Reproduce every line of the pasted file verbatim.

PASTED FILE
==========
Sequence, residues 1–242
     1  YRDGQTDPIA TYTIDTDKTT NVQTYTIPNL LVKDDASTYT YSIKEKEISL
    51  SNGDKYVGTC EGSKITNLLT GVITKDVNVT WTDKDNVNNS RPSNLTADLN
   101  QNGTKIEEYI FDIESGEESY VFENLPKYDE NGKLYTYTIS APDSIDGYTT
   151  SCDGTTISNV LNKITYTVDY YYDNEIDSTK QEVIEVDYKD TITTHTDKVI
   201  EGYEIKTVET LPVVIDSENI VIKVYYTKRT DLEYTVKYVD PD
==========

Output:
Sequence, residues 1–242
     1  YRDGQTDPIA TYTIDTDKTT NVQTYTIPNL LVKDDASTYT YSIKEKEISL
    51  SNGDKYVGTC EGSKITNLLT GVITKDVNVT WTDKDNVNNS RPSNLTADLN
   101  QNGTKIEEYI FDIESGEESY VFENLPKYDE NGKLYTYTIS APDSIDGYTT
   151  SCDGTTISNV LNKITYTVDY YYDNEIDSTK QEVIEVDYKD TITTHTDKVI
   201  EGYEIKTVET LPVVIDSENI VIKVYYTKRT DLEYTVKYVD PD